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SCOTUS to hear high school coach’s First Amendment case after he was fired for praying in midfield

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Joseph Kennedy, an 18-year-old Navy veteran, said the Bremerton School District violated its First Amendment rights to freedom of religion

An assistant football coach at a Washington high school will be taking his case to the Supreme Court Monday, April 25 after losing his job for kneeling in prayer at the 50-yard line while walking from was surrounded by students.

Joseph Kennedy, an 18-year-old Navy veteran, said the Bremerton School District violated his First Amendment rights to religious liberty by refusing to let him pray after midfield games after uniformed students met him in September 2015 Midfield had prayed . District attorneys claimed Kennedy was allowed to pray alone but had to be placed on administrative leave after three additional counts of him praying with students on the field and in locker rooms. They said the district received several complaints and threats following news of its prayer meetings for allegedly influencing its students to join it in prayer. His coaching contract was finally terminated in 2016.


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“District administrators received threats and hate mail. Strangers confronted and yelled obscenities at the head coach, who feared for his safety,” said the district’s brief to the Supreme Court, which originally dropped the case in 2019.

On the other hand, Kennedy has claimed that praying at the 50-yard line has been a personal ritual of his since 2008 and that he has never asked students to join him. However, some of his players asked him what he was doing after a few games, and he told them he was “thank God for you guys,” leading some players, who were Christians, to ask Kennedy if they could join. “It was never something where it was mandatory,” he told the New York Times.

Kennedy’s attorney Jeremy Dys said the school overstepped its bounds by barring his client from praying when students joined him and slamming a 2019 U.S. Circuit Court of Appeals decision that ruled in favor of the district. “If a teacher is praying during her lunch in the cafeteria and the students can see her — just that little blessing over her salad — that’s enough to fire that teacher,” Dys told CBS about the possible ramifications of the 2019 ruling.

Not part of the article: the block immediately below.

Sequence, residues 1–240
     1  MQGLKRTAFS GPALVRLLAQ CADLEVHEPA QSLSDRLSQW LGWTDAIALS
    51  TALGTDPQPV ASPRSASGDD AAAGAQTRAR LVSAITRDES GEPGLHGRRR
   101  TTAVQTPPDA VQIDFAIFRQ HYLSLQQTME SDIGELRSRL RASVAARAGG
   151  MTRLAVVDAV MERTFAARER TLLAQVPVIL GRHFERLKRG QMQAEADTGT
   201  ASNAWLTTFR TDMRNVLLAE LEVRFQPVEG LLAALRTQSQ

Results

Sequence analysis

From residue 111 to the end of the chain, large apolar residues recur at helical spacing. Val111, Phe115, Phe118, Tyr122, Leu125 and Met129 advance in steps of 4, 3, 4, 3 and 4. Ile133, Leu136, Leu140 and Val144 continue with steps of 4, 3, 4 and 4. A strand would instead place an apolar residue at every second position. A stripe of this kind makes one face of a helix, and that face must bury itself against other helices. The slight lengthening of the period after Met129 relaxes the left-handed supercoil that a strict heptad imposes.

Meanwhile, Rachel Laser, CEO of Americans United for Separation of Church and State, which represents the district, upheld the ruling as a victory for students’ First Amendment rights and urged the Supreme Court not to overturn the decision. “This case challenges an established case law that has protected student religious freedom for decades and has been supported by conservative and liberal judges alike,” Laser told CBS. “If the court rules wrong, teachers and coaches could pressure students to pray in every public school classroom across the country.”

While Kennedy claimed no one was pressured to join him, one student allegedly came forward to say he only attended one of the prayers out of fear of losing playing time. The embattled coach, who currently lives in Florida, said if he won the Supreme Court case, he would take “the very first flight back” to Washington. “The greatest honor of my life has been coaching these young men,” he continued. “No lie, we had blood, sweat, tears and death in the Marine Corps, but I’ve benefited from coaching far more than anything else in my life.”

And while the Supreme Court refused to accept the case in 2019, four of the conservative justices had expressed doubts about the Ninth Circuit Court’s decision. “The Ninth Circuit Court’s understanding of the free speech of public school teachers is troubling and may warrant a future review,” wrote then Justice Samuel A. Alito Jr., joined by Justices Neil Gorsuch, Brett Kavanaugh and Clarence Thomas. Laser noted that the district faces an uphill battle as the Supreme Court panel consists of six conservative judges and only three liberal judges.

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